5

My partitions on my primary disk look like this:

enter image description here

I would like to expand C: with the Unallocated space but the 946 MB Recovery partition is in the way.

  1. Is there a way to swap the Recovery partition with the Unallocated space (= move it to the end of the disk), to have contiguous WINDOWS and Unallocated space?
  2. what would be the consequences of removing that 946 MB Recovery partition? There are numerous articles mentioning that it exists and how to remove it (with diskpart), but not what it actually stores and whether it is primordial to have it (as opposed to having a Windows 10 media disk one can boot from and go into repair mode)
  • See this answer - the Recovery partition houses WinRE [Windows Recovery]. You need a WinRE partition, which only needs to be 650MB, for a variety of reasons, with a WinRE USB simply being inefficient and massively inconvenient; to understand why, see Microsoft Docs. – JW0914 May 24 at 12:09
4

You can't "swap" them but you can move the recovery partition easily. Any 3rd party partitioning software can do that, like MiniTool Partition Wizard, AOMEI Partition Assistant, EaseUS Partition Master, Macrorit Partition Expert...

So after installing any of them you need to

  • Right click on the recovery partition > resize/move and move it all the way to the right
  • Right click on the Windows partition > resize/move and resize it to fill the newly unallocated space on the right of it

Or you can remove the recovery partition completely. There would be no problem since Windows 10 already has built-in refresh and reset feature to do factory reset. You can also create an image of the recovery partition and store it somewhere before removing the partition

However it is possible to create a partition that spans across various spaces with dynamic disk, which is the analog of Linux's LVM. Just convert the disk to dynamic and extend the partition to any available space

| improve this answer | |
  • Thanks. I did not mention that I was (rather) looking for native solutions (not that 3rd party are not OK - I use parted on Linux - but was hoping that a built-in solution would be integrated). I will do that then if there are not other ideas. – WoJ Sep 2 '18 at 12:31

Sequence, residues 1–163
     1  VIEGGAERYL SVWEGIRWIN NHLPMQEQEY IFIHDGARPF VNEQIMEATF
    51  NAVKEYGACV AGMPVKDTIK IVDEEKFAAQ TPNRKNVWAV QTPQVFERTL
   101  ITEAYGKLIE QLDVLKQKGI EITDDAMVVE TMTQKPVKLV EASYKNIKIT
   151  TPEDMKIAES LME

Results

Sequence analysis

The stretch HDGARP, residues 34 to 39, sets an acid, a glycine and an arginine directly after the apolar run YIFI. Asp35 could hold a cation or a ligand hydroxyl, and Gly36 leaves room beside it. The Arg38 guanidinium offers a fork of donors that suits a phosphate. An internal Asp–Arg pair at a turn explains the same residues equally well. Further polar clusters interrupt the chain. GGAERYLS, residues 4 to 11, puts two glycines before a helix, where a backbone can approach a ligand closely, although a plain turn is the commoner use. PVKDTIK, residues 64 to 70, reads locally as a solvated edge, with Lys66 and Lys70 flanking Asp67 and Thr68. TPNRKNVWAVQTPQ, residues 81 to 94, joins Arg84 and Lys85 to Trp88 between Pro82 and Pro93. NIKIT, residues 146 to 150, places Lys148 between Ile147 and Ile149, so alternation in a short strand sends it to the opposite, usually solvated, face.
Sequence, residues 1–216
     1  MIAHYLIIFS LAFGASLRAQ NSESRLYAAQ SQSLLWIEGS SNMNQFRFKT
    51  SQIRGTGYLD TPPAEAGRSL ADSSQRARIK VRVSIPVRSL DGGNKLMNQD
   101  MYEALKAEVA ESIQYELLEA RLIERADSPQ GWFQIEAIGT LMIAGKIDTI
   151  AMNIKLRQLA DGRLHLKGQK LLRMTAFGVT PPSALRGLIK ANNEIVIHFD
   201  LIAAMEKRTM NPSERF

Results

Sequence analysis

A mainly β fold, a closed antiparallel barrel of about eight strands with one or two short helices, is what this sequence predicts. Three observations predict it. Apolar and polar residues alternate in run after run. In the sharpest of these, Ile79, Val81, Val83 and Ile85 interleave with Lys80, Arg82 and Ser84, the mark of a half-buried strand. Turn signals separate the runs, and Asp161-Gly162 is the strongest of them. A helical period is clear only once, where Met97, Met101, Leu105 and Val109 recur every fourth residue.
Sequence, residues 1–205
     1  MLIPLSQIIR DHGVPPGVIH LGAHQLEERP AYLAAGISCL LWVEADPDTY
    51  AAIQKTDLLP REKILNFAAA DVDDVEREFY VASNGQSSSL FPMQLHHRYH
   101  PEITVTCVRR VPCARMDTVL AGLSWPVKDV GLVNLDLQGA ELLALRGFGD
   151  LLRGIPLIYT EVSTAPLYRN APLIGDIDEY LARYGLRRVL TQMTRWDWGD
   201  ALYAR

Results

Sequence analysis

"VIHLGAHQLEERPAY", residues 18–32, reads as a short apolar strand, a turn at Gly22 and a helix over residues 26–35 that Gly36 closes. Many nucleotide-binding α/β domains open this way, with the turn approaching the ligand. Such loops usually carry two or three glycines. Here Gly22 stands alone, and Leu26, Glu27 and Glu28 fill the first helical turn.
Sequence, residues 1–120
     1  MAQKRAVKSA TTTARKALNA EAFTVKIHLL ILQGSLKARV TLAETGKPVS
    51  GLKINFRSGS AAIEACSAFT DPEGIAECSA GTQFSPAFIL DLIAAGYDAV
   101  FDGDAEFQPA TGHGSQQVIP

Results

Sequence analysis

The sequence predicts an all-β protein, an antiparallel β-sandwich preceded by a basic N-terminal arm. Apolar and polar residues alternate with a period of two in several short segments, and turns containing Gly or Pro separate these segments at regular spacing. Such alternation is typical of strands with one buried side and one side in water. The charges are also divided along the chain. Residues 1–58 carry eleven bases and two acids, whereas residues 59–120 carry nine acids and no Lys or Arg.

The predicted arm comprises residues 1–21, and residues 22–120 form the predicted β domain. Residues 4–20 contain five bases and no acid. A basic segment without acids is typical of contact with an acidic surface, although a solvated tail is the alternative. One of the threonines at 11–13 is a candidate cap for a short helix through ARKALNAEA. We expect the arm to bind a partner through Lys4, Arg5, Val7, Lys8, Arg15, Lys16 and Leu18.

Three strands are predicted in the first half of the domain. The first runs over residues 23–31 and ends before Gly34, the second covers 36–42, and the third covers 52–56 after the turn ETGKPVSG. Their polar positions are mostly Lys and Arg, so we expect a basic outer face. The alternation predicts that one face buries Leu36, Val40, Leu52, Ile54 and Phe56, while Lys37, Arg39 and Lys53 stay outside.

• there's no native solution unless you're willing to use dynamic disks. Windows diskmgmt.msc is very limited in partitioning capability – phuclv Sep 2 '18 at 12:42
  • @woj you can use GParted on a Windows system too. Just download the gparted live image and boot it from a USB stick. Move the recovery partition to the back. Reboot into Windows and extend C:. Please note: before doing ANY repartitioning on a Windows system you should disable the fast-restart feature as that may interfere with 3rd party partitioning tools. – Tonny Sep 2 '18 at 15:12
  • Recovery partition can also be deleted and recreated, it’s only required, if you want to be able to access WinRE without a disk. – Ramhound Sep 2 '18 at 17:59
0

HirensBootCd combined with Rufus, Will help you create a boot USB that will give you the tools to do this.

I'd recommend backing up your primary partition before you start.

MacroIT Partition Tool, included on HirensBootCD can easily move the recovery partition to the end of the drive, HOWEVER resizing the primary should be done using windows disk management, as MacroIT Partition Tool leaves the filesystem as RAW (after resize operations).

I recently made this mistake, and whilst it was RAW windows allowed it to boot ONCE into the drive, letting me think that it had worked, then trying it once more made windows 10 fail in it's bluescreen with an NTFS Filesystem failure. (Luckily I took a backup)

If I had used windows disk management to do the resize, I believe it would have maintained the file system integrity.

| improve this answer | |

Your Answer

By clicking “Post Your Answer”, you agree to our terms of service, privacy policy and cookie policy

Not the answer you're looking for? Browse other questions tagged or ask your own question.